* U.S. Senator Kerry tours Hamas-ruled Gaza Strip
* Kerry says Hamas provoked Gaza war
* Hamas calls Kerry's criticism unfair
* Hamas give Kerry letter to Obama
(Adds Hamas letter to Obama, paragraphs 4-5 )
By Nidal al-Mughrabi
GAZA, Feb 19 (Reuters) - The highest-ranking U.S. delegation to visit the Gaza Strip in years toured bomb-damaged buildings on Thursday and blamed the enclave's Hamas rulers for provoking Israel's wrath with cross-border rocket attacks.
Senate Foreign Relations Committee Chairman John Kerry and two members of the House of Representatives, Brian Baird and Keith Ellison, shunned Hamas during tours one month after Israel ended its 22-day Gaza offensive.
It was the highest-level visit by U.S. legislators to the Gaza Strip since a Palestinian uprising against Israel erupted in 2000, U.S. officials in the region said. Kerry, who ran an unsuccessful campaign for president in 2004, earlier toured the Israeli border town of Sderot, a frequent target of rockets.
During his visit to a U.N. compound in Gaza, Kerry was given a letter from Hamas to deliver to President Barack Obama.
UNRWA spokesman Christopher Gunness said the letter had been left for Kerry at the gate of the compound and that he did not know the content. "We don't open other people's mail," Gunness said. Kerry's office had no immediate comment.
Though major fighting has stopped, tensions remain high. Israel bombed smuggling tunnels along Gaza's border with Egypt and militants fired a rocket that landed near Sderot.
During his visit to Gaza, Kerry, a member of Obama's Democratic party, toured the bombed-out American School and asked administrators whether Israel was letting in enough supplies for the Gaza Strip's 1.5 million residents.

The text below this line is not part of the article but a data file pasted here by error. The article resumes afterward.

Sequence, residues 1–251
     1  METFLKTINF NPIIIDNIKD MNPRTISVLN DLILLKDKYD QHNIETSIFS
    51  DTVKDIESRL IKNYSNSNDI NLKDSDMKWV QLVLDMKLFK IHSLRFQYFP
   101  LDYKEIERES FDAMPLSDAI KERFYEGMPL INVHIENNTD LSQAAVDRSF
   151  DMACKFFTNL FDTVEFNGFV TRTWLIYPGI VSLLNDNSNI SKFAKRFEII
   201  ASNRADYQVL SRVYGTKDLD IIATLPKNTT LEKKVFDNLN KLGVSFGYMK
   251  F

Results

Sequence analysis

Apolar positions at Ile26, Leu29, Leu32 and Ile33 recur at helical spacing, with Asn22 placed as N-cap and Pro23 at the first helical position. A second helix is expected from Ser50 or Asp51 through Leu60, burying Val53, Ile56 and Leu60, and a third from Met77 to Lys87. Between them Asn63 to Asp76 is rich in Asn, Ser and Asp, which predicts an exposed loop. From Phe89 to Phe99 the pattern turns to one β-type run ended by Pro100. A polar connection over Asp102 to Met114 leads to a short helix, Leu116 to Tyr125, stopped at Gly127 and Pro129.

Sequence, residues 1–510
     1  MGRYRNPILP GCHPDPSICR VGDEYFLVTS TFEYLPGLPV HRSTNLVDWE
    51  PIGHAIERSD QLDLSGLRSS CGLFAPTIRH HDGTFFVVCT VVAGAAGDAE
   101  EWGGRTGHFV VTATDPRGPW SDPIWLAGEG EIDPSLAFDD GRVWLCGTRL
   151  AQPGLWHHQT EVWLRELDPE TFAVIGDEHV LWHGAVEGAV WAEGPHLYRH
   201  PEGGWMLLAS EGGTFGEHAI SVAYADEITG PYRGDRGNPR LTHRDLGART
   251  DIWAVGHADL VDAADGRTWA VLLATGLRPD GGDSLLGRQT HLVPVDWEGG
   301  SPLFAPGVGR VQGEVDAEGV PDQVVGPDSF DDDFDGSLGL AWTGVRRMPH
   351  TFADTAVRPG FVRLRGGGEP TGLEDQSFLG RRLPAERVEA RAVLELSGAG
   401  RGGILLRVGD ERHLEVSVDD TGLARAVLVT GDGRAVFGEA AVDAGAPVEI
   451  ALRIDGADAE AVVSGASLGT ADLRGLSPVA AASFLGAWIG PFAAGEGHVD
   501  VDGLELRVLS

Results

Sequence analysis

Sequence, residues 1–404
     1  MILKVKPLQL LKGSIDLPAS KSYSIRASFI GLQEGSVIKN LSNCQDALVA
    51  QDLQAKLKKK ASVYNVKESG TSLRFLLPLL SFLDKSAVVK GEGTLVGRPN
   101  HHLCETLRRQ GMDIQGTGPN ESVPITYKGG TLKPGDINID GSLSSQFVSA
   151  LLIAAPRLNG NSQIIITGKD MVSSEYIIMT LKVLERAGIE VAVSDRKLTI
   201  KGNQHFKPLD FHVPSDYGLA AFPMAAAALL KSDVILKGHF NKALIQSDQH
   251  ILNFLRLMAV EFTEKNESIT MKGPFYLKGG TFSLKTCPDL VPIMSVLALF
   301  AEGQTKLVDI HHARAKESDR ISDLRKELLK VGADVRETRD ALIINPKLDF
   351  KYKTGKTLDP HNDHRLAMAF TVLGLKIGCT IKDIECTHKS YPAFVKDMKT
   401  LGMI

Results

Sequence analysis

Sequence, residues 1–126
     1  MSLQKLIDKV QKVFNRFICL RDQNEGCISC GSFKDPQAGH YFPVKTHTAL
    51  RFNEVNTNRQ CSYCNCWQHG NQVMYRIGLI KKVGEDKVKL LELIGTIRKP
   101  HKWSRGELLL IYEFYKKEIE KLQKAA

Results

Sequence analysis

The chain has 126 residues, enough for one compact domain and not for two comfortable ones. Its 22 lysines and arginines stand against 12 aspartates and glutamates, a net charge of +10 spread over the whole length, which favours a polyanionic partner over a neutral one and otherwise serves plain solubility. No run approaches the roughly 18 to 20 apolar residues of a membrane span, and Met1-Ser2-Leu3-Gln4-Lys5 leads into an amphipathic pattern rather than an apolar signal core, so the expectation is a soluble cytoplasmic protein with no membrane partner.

Israel allows humanitarian aid into the impoverished enclave but has ruled out fully opening its border crossings to materials needed for reconstruction until Hamas frees an Israeli soldier captured in a 2006 cross-border raid.
"I know President Obama is committed to trying to resolve some very, very difficult issues," said Kerry, escorted by U.N. security personnel during his brief tour of the school.
Sharhabeel al-Zaeem, a member of the school's board, told Kerry that Israel was supplying only "the minimum" of what was needed and complained that ordinary Palestinians felt isolated because of the Israeli-led and Western-backed blockade of Gaza.
As chairman of the Senate committee, Kerry can influence U.S. foreign policy and aid.
Hamas won a 2006 Palestinian election and seized control of the Gaza Strip 18 months later after routing Fatah forces loyal to Western-backed Palestinian President Mahmoud Abbas.
The United States and the European Union boycott the Islamist group, which they consider a terrorist organisation, over its refusal to recognise Israel, renounce violence and abide by interim peace deals with the Jewish state.
"Your political leadership needs to make critical decisions and make it clear how it is willing to move to make peace, and those fundamental decisions have not been made," Kerry told Zaeem and others at the school.
"Secondly, your political leadership needs to understand that any nation that has rockets coming into it over many years, threatening its citizens, is going to respond," Kerry said.
Zaeem responded by comparing the plight of Palestinians in Hamas-ruled Gaza to a hostage crisis.
"A police officer won't be able to take a decision to destroy the whole building, killing all the hostages and the kidnappers?" Zaeem asked.
Kerry said: "You know, what is important is not to have a debate that goes backwards. It is important to go forwards. There is a clear path forward...Help us find peace."
Kerry did not elaborate on the path forward.
Hamas spokesman Fawzi Barhoum described Kerry's visit as a "step in the right direction to end the isolation of the Gaza Strip" but described his comments about Hamas as "unfair to the democratic choice of the Palestinian people."
The war in Gaza, which Israel launched with the declared aim of halting militants' rocket fire, killed more than 1,300 Palestinians, destroyed some 5,000 homes and ruined much of Gaza's infrastructure, local officials say.
Kerry said the U.S. policy of shunning Hamas was unchanged. (Additional reporting by Adam Entous in Jerusalem; writing by Adam Entous; editing by Tim Pearce) (For blogs and links on Israeli politics and other Israeli and Palestinian news, go to blogs.reuters.com/axismundi)